Indeed, Foss’ own story and music are fascinating in and of themselves. After escaping the Nazis and coming to America at 15, already a piano prodigy, Foss then escaped his father, who’d planned to seal him into a life performing other people’s compositions.
Foss had grander ambitions, and at music school made fast friends with a young man named Lenny Bernstein. Foss went on to compose his signature playful and often chaotic-seeming “chance music,” also known as aleatoric compositions, which left space in certain sections for the musicians to improvise.
Wonderfully, “Mr. Moon” lets us experience some of this bracing music and its themes, sometimes as accompaniment and sometimes as the focus of scenes (David Van Tieghem’s sound design is superb).
In one magical sequence, Topol plays Foss conducting a concert for young people, which Rich remembers being dragged to as a teenager. Foss turns to the audience like a delighted co-conspirator, invites certain sections of the house to talk upon his signal, and then conducts the PSC house in a brief snatch of spoken chance music. Then Foss turns back to the orchestra to conduct them through the sounds of Morse-coded xylophone, ratcheting dissonance, and breaking glass.
Foss’ music becomes a powerful voice alongside Rich’s in the show’s meditations on death, fate, and the brevity of life. In one uncommonly moving scene, Topol plays Foss pulled over in a car and listening, as if spiritually entranced, to Glenn Gould playing the “Goldberg Variations.” Another scene has Topol, again as Foss, conducting the first composition of his “Time Cycle” (a setting of a poem by W.H. Auden): “We have no time,” we hear a soprano slowly intone.
In the long term, of course, that soprano is right. But as Topol, Holtzman, and PSC’s rousing “Mr. Moon” suggest, art can help us reckon with even our most tangled losses, bringing brave beauty to the time that’s left.
Megan Grumbling is a writer, editor, and teacher who lives in Portland. Find her at megangrumbling.com.
Death, 3 ways
• Something all-too-relatably bonkers is coming to the Studio Theatre at Portland Stage: It’s the return of the reading series “Too Strange to Live, Too Weird to Die,” curated by the company’s literary manager, Todd Brian Backus. Just in time for Thanksgiving, the boundary-stretching theater series presents Kate Benson’s “A Beautiful Day in November on the Banks of the Greatest of Great Lakes,” in which an “all-American family” prepares for “the original bloodsport, Thanksgiving Dinner.” On stage live Saturday, Nov. 20, at 7 p.m.; $15 at the door (masks and proof of vaccination or of a negative COVID-19 test are required), $10 online. FMI: www.portlandstage.org.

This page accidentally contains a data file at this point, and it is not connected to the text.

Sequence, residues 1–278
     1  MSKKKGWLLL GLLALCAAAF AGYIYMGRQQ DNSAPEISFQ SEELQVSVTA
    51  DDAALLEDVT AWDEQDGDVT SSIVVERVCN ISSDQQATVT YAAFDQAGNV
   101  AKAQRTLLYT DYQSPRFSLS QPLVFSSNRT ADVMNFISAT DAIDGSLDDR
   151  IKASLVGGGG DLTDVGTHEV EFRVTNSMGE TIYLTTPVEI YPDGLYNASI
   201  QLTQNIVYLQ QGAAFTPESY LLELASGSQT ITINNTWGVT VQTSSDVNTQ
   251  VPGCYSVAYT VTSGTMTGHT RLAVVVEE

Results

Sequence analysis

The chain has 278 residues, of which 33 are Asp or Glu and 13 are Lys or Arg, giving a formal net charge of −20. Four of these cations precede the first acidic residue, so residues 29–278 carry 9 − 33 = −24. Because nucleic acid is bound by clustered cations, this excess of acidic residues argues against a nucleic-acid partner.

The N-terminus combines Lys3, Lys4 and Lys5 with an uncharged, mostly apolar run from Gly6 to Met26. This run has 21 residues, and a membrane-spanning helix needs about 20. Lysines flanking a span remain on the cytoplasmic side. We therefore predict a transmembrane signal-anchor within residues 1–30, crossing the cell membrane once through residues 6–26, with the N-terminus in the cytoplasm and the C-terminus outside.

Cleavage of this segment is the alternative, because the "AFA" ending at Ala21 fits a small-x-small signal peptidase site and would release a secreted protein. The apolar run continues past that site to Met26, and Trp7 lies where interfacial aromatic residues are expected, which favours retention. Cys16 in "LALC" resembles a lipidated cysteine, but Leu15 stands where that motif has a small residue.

• Ogres and warriors come out of the woodwork and the 1990s at the University of Southern Maine this week with “She Kills Monsters.” In this play by Qui Nguyen, a girl engages in an epic Dungeons & Dragons campaign to find out who her dead sister was when she was alive. Directed by USM Theatre alum Megan Tripaldi, the show runs Nov. 12-21 (masks and proof of vaccination or of a negative COVID-19 test are required). FMI: https://bit.ly/3naLqrq.
• Finally, mark your December calendars in advance for a special Mad Horse Theater Company presentation of a play by beloved Portland actor and playwright David Butler. His “Dying to Know,” which he’s written and revised over the last decade, tells the story of a friendship between a hospice volunteer and a young woman battling cancer. Butler is also a pastor who has worked as a hospital and prison chaplain, and he brings to the script this experience as a faith leader. Directed by Nick Schroeder, the show runs Dec. 2-12, under Mad Horse’s new “Pay What You Decide” policy (masks and proof of vaccination or of a negative COVID-19 test are required). FMI: www.madhorse.com.
— Megan Grumbling